Flowering Trees in Georgia


There are a variety of flowering trees in Georgia. Some are known for the brilliant blooms, some for their aromatic natures and some for the fragile beauty. From the flowering dogwood to the southern magnolia, there’s something for every home and garden. The trees listed here are just some of the spectacular foliage that flowers in Georgia, producing an array of colors and fragrances.

Symplocos tinctoria L.

  • This tree is known commonly as Horsesugar and Common sweetleaf because its leaves, when torn and the edge licked, taste very sweet. This makes them popular with livestock. Though a short-lived tree, it can grow to be 20 feet tall at full maturity. It blooms in the late spring, typically before the leaves appear, producing small, bright yellow flowers which are fragrant and showy, given their profusion of stamens.

Cornus florida L.

  • Commonly known as the flowering dogwood, these trees can grow up to 40 feet tall with either a single or multi-trunked body. Their flowers show in spring and are white or pink blooms with somewhat heart-shaped petals and a center cluster of yellow stamen. They’re long-lasting and the flowers, as well as the tree itself, are aromatic. Its fruit is red and in fall the flowering dogwood’s foliage turns crimson.

Crataegus viridis L.

  • Known commonly as the green hawthorn or the southern throne, these trees tend to form thickets. They have dense crowns of branches with shiny yellow-green foliage. They can grow to be 30 feet tall at full maturity and have a long life span. Though they belong to the rose family, their dainty white flowers with projecting red and yellow stamens look nothing like roses.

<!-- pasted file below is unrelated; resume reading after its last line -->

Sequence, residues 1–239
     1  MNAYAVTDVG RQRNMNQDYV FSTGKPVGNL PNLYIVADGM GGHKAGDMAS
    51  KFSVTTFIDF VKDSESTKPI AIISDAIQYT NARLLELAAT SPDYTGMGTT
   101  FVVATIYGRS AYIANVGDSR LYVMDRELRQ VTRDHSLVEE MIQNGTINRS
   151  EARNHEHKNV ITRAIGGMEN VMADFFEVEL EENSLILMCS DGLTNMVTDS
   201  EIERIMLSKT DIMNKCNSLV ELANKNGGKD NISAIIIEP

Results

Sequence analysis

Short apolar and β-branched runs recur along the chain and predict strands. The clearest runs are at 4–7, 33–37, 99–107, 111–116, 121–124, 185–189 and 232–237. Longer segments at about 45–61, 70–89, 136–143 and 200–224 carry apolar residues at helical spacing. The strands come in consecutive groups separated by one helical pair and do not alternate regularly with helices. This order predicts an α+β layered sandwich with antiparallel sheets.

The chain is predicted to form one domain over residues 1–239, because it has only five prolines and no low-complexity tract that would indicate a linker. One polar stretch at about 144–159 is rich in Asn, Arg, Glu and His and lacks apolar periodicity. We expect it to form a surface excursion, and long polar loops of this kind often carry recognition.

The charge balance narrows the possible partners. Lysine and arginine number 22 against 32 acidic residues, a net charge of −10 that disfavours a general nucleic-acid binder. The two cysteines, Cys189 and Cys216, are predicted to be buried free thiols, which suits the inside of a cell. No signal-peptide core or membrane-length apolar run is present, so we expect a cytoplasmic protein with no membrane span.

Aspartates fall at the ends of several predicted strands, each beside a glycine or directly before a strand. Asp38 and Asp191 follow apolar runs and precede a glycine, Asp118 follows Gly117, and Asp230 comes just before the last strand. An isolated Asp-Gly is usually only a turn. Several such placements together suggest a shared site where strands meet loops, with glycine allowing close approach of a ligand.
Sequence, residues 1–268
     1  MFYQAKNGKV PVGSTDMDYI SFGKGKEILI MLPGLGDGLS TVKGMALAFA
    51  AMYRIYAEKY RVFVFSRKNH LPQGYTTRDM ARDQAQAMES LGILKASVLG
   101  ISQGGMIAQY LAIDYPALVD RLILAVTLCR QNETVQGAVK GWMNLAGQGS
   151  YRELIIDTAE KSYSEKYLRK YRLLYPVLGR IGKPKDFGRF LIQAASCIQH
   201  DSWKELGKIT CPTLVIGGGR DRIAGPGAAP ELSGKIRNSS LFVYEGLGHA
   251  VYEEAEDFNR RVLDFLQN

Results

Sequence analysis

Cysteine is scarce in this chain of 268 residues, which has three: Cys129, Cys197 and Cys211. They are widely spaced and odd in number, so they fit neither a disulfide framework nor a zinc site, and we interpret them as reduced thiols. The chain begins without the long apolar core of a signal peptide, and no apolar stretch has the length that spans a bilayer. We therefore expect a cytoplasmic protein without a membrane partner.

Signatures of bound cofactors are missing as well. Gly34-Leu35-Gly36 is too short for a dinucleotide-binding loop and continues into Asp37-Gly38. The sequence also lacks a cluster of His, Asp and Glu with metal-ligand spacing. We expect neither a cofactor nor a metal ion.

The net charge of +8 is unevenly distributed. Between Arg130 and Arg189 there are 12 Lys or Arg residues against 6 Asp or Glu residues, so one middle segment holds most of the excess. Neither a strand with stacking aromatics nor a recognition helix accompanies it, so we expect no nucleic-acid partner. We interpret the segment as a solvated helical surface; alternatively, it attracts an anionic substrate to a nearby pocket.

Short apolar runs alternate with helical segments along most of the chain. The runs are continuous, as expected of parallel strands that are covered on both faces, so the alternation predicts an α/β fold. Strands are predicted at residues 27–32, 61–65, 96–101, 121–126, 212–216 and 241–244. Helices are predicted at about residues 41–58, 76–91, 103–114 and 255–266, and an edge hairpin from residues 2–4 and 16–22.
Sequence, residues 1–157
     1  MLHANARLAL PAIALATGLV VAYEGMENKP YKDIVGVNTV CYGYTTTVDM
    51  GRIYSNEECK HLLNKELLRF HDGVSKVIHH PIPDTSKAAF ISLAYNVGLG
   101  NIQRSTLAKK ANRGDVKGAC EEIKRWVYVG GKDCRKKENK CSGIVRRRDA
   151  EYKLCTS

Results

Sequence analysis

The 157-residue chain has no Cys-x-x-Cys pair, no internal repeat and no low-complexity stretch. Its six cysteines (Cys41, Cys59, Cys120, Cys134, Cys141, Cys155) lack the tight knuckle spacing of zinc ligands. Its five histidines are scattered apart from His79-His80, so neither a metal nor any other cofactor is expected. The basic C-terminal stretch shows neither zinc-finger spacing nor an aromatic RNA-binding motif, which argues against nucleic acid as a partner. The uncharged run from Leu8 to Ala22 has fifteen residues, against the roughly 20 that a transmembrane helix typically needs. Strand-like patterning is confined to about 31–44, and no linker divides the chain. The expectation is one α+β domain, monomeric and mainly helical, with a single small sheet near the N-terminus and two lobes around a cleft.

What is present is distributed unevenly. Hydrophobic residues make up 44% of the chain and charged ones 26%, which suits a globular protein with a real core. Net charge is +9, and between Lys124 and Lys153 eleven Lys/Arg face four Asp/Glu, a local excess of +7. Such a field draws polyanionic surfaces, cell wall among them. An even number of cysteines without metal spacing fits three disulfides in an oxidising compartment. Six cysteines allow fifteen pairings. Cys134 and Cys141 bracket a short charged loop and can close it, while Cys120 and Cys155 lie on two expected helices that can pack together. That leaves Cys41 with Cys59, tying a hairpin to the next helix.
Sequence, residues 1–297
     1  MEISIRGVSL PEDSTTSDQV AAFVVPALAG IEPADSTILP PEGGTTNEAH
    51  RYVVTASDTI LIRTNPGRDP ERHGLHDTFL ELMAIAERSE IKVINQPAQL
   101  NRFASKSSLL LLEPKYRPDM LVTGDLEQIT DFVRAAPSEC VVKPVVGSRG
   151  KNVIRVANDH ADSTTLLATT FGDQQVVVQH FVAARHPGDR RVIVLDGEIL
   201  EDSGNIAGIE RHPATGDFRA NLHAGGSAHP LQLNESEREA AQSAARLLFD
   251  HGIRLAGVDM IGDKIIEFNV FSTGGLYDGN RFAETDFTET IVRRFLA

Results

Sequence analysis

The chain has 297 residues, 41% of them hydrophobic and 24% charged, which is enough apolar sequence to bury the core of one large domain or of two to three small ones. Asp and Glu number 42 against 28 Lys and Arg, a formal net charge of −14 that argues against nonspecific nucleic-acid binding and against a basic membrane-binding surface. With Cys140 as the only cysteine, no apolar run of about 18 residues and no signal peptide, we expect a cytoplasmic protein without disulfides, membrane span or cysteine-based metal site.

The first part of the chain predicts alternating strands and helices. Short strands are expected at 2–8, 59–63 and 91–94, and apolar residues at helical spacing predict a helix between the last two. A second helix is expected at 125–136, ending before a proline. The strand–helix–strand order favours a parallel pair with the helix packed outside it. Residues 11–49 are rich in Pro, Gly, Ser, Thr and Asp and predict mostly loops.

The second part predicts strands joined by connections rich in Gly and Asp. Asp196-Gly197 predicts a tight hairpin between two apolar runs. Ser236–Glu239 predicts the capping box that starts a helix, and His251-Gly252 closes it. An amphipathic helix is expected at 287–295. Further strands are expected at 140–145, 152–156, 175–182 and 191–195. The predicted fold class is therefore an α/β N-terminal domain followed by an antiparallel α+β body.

Kalmia latifolia L.

  • Better known as the mountain laurel—and one of two species called by that name—Kalmia latifolia L. is an evergreen that can grow up to 20 feet tall. Its spreading branches produce large clusters of pink, bell-shaped flowers. The blooms are white at the edges, pink deeper in and often have rose-colored spots inside and blossom in mid-spring.

Magnolia grandiflora L.

  • The southern magnolia is a straight-trunked evergreen. It’s very large, fragrant white flowers are popular all over, and well-loved in the southern U.S. The magnolia grows to usually around 50 feet tall, although in rare cases it can reach 100 feet. Its aromatic, cream-white flowers are around 8 inches in size and cup-shaped. They discolor when bruised and bruise easily.

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  • Photo Credit magnolia image by Artyom Yefimov from Fotolia.com
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